15. The method of treating diarrhea in bovine animals which comprises: slowly administering intravenously to a critically ill animal approximately one quart for each sixty pounds of body weight of a buffered basic aqueous solution which is hypertonic with respect to normal blood and which contains sodium and chloride ions at a concentration effective to replace those lost due to dehydration, potassium ions at a concentration amounting to approximately from three to twelve times the potassium concentration in normal bovine blood, said blood normally having a potassium ion concentration of about 5 meq./L., and an amount of glucose effective as a source of energy and effective to enhance the movement of potassium into the cells thereby replacing lost potassium.
16. The method of treating diarrhea as set forth in claim 15 which includes also administering subcutaneously approximately 2-% quarts for each 60 pounds of body weight the hypertonic solution diluted to the point at which it becomes isotonic.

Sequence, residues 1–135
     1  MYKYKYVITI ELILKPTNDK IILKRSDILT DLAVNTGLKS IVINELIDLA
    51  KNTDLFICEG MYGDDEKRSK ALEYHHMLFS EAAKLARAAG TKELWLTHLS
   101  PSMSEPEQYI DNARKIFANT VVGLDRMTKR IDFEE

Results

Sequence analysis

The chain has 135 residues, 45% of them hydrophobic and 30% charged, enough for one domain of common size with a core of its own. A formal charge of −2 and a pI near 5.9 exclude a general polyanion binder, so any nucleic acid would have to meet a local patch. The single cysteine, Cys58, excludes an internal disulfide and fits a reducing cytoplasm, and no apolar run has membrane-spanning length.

17. The method of treating diarrhea in bovine animals which comprises: administering subcutaneously to a seriously ill animal approximately 2% quarts for each 60 pounds of body weight of a buffered basic aqueous solution which is isotonic with respect to normal blood and which contains sodium and chloride ions at a concentration effective to substantially replace those lost due to dehydration, potassium ions at a concentration amounting to not less than that which is effective to improve the hyperkalemic condition and on up to five times the potassium concentration in normal bovine blood, said blood normally having a potassium ion concentration of about 5 meq./L., and an amount of glucose effective as a source of energy and effective to enhance the movement of potassium into the cells thereby replacing lost potassium.